To everyone’s surprise, the world did not come to an end when the US left the gold standard. The fact that the US dollar could no longer be converted into gold at a rate of $35 per ounce did not seem to make much of a difference to anyone, at least at first. However, within a few years a number of external events like the 1973 Arab-Israeli War and the resulting hike in crude oil prices, set the world on a whirlwind of stagflation – a combination of economic stagnation and inflation, high unemployment and rising prices at the same time. Conventional Keynesian economic thinking had difficulty explaining how the two could coexist. It was only after savage monetary tightening (the US prime rate peaked at an all-time record of 21.5 percent in December 1980) that inflation was finally licked in the rich countries. At least it seemed that way.
In retrospect, the departure from the Bretton Woods system unleashed an explosion of worldwide credit – and the opposite side of the coin, the ramping up of worldwide debt. Unraveling Bretton Woods had a direct effect on foreign exchange reserves – one country’s financial claims on another – which grew from an effective level of close to zero during the Bretton Woods years (all foreign reserves were then in dollars backed by gold, or for the US, in gold), to reach around $1 trillion in 1990 and more than 9 trillion in 2010.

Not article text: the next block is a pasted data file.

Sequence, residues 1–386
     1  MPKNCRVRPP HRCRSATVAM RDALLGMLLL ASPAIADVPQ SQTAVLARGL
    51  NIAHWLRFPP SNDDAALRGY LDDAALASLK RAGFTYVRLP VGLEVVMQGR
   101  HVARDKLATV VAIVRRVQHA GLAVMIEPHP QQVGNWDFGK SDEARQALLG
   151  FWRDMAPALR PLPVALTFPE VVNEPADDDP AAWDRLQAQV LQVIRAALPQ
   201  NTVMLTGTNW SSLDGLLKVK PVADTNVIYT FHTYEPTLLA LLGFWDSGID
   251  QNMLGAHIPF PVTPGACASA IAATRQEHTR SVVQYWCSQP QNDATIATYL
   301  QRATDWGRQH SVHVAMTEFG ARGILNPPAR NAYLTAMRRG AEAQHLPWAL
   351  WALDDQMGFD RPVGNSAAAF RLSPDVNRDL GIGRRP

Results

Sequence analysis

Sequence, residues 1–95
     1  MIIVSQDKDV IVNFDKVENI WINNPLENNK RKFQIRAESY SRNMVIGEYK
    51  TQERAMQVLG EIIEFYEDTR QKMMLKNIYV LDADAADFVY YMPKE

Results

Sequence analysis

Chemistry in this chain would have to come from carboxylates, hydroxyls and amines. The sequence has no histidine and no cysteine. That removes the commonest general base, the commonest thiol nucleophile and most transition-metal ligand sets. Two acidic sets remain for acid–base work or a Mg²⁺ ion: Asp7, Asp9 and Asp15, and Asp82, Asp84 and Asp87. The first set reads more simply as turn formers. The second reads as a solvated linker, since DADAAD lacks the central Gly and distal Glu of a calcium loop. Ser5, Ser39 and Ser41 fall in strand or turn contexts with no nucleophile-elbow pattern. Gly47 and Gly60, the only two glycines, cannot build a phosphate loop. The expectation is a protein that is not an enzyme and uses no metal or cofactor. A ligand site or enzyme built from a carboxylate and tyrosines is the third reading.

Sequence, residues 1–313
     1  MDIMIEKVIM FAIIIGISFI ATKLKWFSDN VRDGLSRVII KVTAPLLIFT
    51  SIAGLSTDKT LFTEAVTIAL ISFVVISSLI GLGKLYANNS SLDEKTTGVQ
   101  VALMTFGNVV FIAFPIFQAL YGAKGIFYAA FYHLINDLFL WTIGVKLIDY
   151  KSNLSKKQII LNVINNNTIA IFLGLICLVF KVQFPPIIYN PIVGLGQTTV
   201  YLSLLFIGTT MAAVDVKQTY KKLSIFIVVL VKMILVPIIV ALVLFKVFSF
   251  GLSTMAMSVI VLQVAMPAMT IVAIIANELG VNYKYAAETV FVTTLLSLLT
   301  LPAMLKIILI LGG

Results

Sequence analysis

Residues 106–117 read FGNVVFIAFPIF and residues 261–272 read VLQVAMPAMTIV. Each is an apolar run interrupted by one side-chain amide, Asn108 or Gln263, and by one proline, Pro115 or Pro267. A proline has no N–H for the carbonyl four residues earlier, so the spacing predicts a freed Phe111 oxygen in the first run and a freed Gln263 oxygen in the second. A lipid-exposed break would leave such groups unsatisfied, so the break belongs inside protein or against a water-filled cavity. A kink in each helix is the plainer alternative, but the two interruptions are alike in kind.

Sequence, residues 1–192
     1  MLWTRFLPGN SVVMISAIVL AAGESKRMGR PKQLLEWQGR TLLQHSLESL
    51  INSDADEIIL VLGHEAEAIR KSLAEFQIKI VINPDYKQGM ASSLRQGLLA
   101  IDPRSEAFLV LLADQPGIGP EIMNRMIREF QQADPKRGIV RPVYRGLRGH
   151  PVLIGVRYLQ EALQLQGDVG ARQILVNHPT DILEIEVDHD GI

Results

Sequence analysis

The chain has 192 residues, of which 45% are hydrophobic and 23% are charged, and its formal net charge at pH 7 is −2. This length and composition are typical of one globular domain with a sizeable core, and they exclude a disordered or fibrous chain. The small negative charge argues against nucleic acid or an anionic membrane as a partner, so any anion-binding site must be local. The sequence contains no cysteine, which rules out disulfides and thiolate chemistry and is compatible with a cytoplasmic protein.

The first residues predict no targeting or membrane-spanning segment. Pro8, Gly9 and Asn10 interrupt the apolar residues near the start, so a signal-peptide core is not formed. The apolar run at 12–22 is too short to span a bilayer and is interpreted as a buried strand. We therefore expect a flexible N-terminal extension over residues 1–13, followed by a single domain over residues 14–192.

The more than fourfold growth in worldwide foreign exchange reserves over the past ten years is far higher than the growth of world GDP over the same period. This imbalance between creditor and debtor nations is one of the consequences of the explosion of credit that occurred once central bankers and the financial system were no longer confined to the Bretton Woods monetary straitjacket.
This period also coincided with a slow-down in economic growth and drop in birth-rate that transformed the generous but affordable welfare packages of the 1950s into major drains on the public purse in the 1990s and 2000s. Governments have often preferred to pay for these systems through borrowing rather than increases in taxes, especially following the war on taxes introduced by President Reagan and by Margaret Thatcher in the 1980s. It has always been easier to cut taxes than to cut welfare benefits.